For me personally, the willingness that I “should” have to help well-meaning folks learn is also an energy issue. I am a person with disabilities, several of which I have written about at length on this website — and one of which is a pain condition subject to flare-ups. Thus, I have to manage my time and energy extremely carefully. Having to explain basic concepts over and over again to strangers on the internet because they’ve deigned to tell me that they “want” to learn — and some of whom may think, by extension, that they are somehow entitled to my time and energy — takes work. Writing takes work; additionally, a lot of bloggers do the blogging and responding to comments thing for free, on their own time.
And sometimes, those of us with conditions that intersect with our ability to do this work end up burnt out, frustrated, or we lose our patience. Though these end results are often nothing personal, they might read like it, and we end up paying the price energy-wise only to have that person who realllllly wanted to learn petultantly respond with something like, “You must not want to educate me, then, if you’re not up to answering all of my questions!” and leaving in a huff. But they reallllly want to learn. . . that is, if someone else does the brunt of the work for them and/or gives them good-ally cookies for just wanting to be educated about all this social justice stuff. Merely wanting is not enough; you have to actually follow through for your good intentions to matter.
There is, thankfully, a solution to this problem: those people who say, or comment, that they realllly want to learn must take responsibility for their own learning. There are several ways that this can be accomplished, among them lurking on blogs for a while before one starts commenting, reading a site’s archives (and most sites have them!), picking up a book (or two), reading articles online or off. Certainly, there are a lot of things that are privileged about this assertion; of course, not everyone has the time to read about social justice, lurk on blogs, or take similar steps. But what is also privileged is the putting the responsibility for your own 101-type education onto someone else — someone who might not have all of the energy, time and patience that you might.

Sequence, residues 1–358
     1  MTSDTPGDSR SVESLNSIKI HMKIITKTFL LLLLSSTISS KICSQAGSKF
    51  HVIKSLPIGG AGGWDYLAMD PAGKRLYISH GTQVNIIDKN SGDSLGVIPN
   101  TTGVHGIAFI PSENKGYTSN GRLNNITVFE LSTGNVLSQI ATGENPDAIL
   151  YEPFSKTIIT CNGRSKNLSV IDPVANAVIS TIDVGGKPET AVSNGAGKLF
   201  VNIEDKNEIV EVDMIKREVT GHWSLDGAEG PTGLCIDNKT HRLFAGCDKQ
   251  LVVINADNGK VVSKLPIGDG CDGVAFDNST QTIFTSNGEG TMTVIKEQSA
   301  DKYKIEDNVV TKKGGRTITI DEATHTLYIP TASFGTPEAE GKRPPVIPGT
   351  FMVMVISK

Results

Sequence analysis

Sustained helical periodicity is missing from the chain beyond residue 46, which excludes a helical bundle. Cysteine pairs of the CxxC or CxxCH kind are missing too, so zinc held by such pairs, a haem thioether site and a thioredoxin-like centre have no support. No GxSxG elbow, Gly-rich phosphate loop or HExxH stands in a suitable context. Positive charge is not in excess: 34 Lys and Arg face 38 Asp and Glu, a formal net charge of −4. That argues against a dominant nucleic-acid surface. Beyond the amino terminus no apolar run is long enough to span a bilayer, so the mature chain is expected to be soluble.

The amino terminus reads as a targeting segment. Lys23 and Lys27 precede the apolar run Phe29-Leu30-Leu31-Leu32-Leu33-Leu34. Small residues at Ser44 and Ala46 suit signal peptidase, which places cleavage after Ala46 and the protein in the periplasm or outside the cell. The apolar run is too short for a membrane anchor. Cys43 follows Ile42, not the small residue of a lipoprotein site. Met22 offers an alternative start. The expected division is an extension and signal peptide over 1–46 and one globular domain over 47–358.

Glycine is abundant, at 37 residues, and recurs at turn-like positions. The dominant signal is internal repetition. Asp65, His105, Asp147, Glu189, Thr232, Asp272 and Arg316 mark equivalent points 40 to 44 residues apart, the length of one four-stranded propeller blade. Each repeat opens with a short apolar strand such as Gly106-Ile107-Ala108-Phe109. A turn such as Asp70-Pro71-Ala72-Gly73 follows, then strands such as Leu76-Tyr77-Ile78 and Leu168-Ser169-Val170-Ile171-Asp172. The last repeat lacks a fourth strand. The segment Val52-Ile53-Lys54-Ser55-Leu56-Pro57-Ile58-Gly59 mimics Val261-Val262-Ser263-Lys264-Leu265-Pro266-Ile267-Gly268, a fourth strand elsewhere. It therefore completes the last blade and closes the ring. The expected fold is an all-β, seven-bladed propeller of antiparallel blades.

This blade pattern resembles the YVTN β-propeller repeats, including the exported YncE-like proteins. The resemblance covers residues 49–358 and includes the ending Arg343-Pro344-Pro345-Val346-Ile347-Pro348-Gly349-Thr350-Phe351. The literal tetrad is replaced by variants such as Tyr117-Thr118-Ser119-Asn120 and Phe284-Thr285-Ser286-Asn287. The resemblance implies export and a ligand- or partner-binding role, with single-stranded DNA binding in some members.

[Note: Please read the comments policy carefully before commenting.]
In San Francisco currently, there is something of a debate brewing about Mayor Newsom’s proposed sit/lie laws, which would make it illegal for anyone to sit or lie on any public curb or street in San Francisco (with a couple of exceptions).
The intersections with disability here are rather clear. For one thing, there are some intersections between homelessness and disability, because some homeless people are, for example, mentally ill or have disabling physical problems. Do either of these things make them unworthy of compassion, or not human? Of course not, but from the way this proposed ordinance is designed, it is, on a very basic level, criminalizing homelessness even more than it is already criminalized (not to mention socially stigmatized), while taking extra “common sense” steps to avoid citing non-homeless people for an offense. Observe the following response to concerns that SF police would begin to crack down on non-homeless people were the laws to go into effect: